[Editor’s note: Below is a guest blog from Donna Fluss, President of DMG Consulting LLC. To dive into the topic further, check out Donna’s full whitepaper titled, ‘IT Managers’ Guide to Cloud-Based Contact Center Infrastructure.’]

The purpose of this blog post is to debunk the myth that IT resources are not needed when contact center infrastructure solutions – automatic call distributors (ACDs), dialers, interactive voice response systems (IVRs)/intelligent virtual assistants (IVAs) –move to the cloud. There are many good and proven reasons for using cloud-based applications, but eliminating the need for internal technical resources (also known as IT) is not one of them.

Here are the facts. Vendors of cloud-based contact center infrastructure solutions provide hardware, software and often carrier services. The client is responsible for deciding how they want things to work – what types of interactions (calls, emails, chat, SMS, video, social media) to handle, how they want their channels to be routed and queued, which agents should support each of the channels, what real-time and historical reports are needed, etc.  IT resources are needed to translate and convert the client’s business needs into the technical language required by the contact center infrastructure solution. IT is needed regardless of whether a contact center solution is on-premise or in the cloud. (Unless a company purchases a full managed service offering where a vendor is hired to provide the technology along with handling the day-to-day operations of the system, someone has to configure and administer the contact center solutions on an ongoing basis.)

IT’s Role Changes When Systems Move to the Cloud

When systems are moved to the cloud, business needs remain relatively the same, but the role of IT changes. Instead of being involved in setting up hardware and software, IT’s function becomes more strategic. IT must participate in vetting the solution to ensure it fits technically with the other systems used by the company. They must also be engaged in evaluating the security features of the cloud-based contact center infrastructure solution to ensure it adheres to the company’s requirements and can be safely integrated with existing third-party solutions, whether they are on-premise or in the cloud. And once the system is acquired, IT resources are needed to configure and administer the system, just as they would if the system were on-premise. A difference, though, is that most of the cloud-based contact center infrastructure vendors can provide expert resources and back-up when the IT needs assistance or is short on resources. This improves the operation of the system and enables both the business and IT to meet their goals.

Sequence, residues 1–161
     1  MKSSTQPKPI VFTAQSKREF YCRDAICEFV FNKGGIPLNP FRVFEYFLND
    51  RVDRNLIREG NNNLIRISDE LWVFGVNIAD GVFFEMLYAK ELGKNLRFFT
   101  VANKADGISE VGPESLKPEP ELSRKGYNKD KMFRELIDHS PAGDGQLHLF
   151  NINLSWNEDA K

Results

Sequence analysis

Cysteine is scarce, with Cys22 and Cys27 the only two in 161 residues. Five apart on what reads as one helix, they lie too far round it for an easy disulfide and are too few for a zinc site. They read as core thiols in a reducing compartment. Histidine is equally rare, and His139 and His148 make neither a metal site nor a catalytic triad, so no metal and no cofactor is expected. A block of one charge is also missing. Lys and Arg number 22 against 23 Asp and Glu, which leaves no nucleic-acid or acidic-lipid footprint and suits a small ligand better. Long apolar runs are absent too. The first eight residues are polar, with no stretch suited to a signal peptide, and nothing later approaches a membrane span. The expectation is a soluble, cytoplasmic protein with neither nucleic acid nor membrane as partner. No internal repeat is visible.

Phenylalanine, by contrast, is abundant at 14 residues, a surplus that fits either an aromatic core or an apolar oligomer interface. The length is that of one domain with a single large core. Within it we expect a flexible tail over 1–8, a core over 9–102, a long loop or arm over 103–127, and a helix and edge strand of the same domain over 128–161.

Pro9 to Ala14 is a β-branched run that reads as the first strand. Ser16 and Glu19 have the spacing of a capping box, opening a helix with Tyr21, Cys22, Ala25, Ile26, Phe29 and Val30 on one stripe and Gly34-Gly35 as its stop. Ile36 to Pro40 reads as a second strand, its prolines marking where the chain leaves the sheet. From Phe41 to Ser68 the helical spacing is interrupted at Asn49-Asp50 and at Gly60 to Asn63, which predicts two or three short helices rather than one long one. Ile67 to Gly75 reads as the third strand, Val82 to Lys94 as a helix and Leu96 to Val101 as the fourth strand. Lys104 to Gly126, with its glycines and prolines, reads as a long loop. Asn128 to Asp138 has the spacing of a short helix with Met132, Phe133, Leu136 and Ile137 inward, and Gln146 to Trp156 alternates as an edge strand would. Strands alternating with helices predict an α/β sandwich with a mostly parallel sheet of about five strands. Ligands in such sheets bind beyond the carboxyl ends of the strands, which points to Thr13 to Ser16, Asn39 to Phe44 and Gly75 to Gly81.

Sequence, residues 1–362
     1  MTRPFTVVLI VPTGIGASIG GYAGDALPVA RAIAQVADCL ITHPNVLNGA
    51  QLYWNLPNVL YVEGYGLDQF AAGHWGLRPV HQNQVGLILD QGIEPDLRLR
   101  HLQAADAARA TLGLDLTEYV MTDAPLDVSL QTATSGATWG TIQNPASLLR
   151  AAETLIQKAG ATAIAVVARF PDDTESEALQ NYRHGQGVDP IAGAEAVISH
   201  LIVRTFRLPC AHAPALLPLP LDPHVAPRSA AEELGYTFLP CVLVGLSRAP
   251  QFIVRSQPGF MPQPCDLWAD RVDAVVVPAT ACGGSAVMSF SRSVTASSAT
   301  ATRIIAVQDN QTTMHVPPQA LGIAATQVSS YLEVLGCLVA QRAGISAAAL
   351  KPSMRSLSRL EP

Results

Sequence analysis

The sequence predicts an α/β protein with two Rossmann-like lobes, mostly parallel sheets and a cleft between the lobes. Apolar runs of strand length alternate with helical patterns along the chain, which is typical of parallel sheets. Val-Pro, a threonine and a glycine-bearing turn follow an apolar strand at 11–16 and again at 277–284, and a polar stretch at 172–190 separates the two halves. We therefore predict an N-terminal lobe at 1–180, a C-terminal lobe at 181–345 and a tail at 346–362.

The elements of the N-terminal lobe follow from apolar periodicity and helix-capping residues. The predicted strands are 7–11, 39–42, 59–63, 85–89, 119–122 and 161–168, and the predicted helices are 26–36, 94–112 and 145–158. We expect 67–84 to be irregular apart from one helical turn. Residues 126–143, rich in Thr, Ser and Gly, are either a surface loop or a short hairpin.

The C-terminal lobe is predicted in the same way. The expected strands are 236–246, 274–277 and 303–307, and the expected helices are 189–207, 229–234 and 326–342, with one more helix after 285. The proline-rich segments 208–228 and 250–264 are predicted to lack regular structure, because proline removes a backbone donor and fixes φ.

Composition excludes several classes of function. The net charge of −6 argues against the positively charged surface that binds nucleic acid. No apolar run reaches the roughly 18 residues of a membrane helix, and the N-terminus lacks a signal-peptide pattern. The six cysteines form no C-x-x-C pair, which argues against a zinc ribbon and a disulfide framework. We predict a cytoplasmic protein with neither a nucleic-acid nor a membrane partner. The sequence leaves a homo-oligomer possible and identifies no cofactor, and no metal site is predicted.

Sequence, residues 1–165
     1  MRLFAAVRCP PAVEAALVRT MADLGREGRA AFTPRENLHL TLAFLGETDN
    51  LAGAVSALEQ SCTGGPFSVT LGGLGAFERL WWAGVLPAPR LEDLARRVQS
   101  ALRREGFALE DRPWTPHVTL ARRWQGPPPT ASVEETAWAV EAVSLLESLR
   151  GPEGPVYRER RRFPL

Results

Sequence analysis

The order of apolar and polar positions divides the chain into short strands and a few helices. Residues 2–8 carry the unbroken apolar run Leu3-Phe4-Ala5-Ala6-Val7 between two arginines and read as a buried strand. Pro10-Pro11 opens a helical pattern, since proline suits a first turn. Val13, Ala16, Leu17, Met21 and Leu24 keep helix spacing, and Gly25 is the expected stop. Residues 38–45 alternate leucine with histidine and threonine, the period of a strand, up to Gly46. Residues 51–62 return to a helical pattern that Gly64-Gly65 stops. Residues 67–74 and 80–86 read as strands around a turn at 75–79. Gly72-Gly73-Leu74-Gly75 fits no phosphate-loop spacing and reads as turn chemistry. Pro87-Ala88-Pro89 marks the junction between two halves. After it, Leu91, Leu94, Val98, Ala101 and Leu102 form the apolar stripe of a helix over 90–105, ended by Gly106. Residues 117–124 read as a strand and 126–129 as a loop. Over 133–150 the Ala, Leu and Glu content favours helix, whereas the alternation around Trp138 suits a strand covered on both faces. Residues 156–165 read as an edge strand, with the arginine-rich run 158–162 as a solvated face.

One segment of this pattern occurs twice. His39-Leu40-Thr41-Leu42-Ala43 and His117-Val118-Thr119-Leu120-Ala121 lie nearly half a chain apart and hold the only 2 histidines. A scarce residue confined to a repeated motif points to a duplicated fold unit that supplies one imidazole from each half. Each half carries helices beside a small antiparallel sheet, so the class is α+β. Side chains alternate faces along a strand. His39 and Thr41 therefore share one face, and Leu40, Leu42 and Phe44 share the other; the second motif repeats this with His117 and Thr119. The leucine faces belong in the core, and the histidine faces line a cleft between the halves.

Build Cooperation and Reduce Contention

For as long as there have been contact center solutions, there has been tension between the business and IT. The business is frustrated by, among other things, IT’s demand that they plan out their changes and resource requirements at the beginning of the year, which is nearly impossible because their needs are often driven by unexpected business and economic events. IT is unhappy with contact center leaders because they make what IT believes to be unfair demands for resources. There is an obvious lack of understanding between IT and contact center leaders, but cloud-based contact center infrastructure vendors can help bridge the gap.

Contact center leaders have to be positioned to deal with the unexpected. The best contact centers are those that are highly responsive to unforeseen events, and can “roll with the punches.” When these situations arise, the business frequently needs assistance from IT, who may already be resource-constrained. However, if IT has done their job properly, they will have established a relationship with their cloud-based contact center infrastructure vendor that allows them to ask (and pay) for assistance. This allows IT to address the business’s needs and get the job done in very tight time frames, without pulling resources from other projects, eliminating the conflict and positioning the company and contact center to deliver an outstanding customer experience.

Bottom Line

The availability of cloud-based contact center infrastructure solutions changes the dynamics between the business and IT. However, IT resources are as necessary when using cloud-based systems as they are for on-premise solutions. The difference is that IT’s role becomes more strategic and better positioned for success.